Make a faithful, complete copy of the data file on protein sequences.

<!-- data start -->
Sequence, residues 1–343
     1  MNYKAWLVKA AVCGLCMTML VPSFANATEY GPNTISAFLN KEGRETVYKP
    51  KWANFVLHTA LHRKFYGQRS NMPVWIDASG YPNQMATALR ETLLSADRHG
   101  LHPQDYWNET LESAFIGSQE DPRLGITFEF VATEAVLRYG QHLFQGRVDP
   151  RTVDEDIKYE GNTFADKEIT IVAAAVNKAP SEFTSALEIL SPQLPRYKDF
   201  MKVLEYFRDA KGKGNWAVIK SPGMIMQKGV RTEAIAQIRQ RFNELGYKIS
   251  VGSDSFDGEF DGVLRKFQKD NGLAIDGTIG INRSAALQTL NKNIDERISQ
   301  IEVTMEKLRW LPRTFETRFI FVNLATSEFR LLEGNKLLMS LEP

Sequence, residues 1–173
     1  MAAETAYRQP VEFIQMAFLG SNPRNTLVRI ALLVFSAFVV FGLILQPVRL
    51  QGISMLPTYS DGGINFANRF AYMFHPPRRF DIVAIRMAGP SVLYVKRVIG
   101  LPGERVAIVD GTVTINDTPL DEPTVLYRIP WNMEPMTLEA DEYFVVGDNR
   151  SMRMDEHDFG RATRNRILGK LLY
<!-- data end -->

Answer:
Sequence, residues 1–343
     1  MNYKAWLVKA AVCGLCMTML VPSFANATEY GPNTISAFLN KEGRETVYKP
    51  KWANFVLHTA LHRKFYGQRS NMPVWIDASG YPNQMATALR ETLLSADRHG
   101  LHPQDYWNET LESAFIGSQE DPRLGITFEF VATEAVLRYG QHLFQGRVDP
   151  RTVDEDIKYE GNTFADKEIT IVAAAVNKAP SEFTSALEIL SPQLPRYKDF
   201  MKVLEYFRDA KGKGNWAVIK SPGMIMQKGV RTEAIAQIRQ RFNELGYKIS
   251  VGSDSFDGEF DGVLRKFQKD NGLAIDGTIG INRSAALQTL NKNIDERISQ
   301  IEVTMEKLRW LPRTFETRFI FVNLATSEFR LLEGNKLLMS LEP

Sequence, residues 1–173
     1  MAAETAYRQP VEFIQMAFLG SNPRNTLVRI ALLVFSAFVV FGLILQPVRL
    51  QGISMLPTYS DGGINFANRF AYMFHPPRRF DIVAIRMAGP SVLYVKRVIG
   101  LPGERVAIVD GTVTINDTPL DEPTVLYRIP WNMEPMTLEA DEYFVVGDNR
   151  SMRMDEHDFG RATRNRILGK LLY